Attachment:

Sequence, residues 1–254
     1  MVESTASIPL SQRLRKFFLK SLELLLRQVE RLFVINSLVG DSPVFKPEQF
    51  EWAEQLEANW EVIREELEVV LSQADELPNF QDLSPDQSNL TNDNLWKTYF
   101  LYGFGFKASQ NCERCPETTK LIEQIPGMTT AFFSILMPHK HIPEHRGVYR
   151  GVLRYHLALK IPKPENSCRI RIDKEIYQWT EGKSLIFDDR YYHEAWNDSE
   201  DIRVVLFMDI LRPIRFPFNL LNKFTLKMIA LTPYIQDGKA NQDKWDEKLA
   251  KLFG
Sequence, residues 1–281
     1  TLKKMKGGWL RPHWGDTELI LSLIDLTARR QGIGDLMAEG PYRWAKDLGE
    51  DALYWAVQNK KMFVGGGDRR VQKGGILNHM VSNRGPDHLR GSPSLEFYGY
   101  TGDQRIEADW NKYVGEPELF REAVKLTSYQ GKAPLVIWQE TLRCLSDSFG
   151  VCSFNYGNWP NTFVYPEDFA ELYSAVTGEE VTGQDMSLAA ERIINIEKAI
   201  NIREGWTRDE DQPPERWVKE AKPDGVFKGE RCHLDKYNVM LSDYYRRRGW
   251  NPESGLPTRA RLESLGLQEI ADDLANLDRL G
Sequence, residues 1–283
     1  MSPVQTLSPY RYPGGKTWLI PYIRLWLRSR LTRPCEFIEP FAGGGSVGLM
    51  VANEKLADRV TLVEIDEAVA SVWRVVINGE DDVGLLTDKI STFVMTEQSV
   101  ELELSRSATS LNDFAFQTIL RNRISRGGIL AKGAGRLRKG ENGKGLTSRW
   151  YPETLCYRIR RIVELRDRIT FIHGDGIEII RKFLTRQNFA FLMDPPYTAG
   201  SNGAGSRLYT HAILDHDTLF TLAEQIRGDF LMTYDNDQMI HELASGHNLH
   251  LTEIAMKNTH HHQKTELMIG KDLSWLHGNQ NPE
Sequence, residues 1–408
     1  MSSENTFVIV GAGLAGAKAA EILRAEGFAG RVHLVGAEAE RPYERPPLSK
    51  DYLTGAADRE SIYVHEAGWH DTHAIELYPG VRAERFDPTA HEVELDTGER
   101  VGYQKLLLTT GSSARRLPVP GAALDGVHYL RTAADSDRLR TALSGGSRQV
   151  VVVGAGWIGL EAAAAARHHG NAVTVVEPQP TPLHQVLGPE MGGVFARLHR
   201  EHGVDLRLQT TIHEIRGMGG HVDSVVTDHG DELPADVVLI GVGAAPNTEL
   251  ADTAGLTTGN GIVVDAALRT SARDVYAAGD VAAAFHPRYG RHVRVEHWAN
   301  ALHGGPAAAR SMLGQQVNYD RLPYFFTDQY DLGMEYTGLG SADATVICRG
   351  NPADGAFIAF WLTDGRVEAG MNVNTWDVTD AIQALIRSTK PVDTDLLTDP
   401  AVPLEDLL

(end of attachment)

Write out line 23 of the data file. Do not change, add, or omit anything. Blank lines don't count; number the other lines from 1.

     1  MSSENTFVIV GAGLAGAKAA EILRAEGFAG RVHLVGAEAE RPYERPPLSK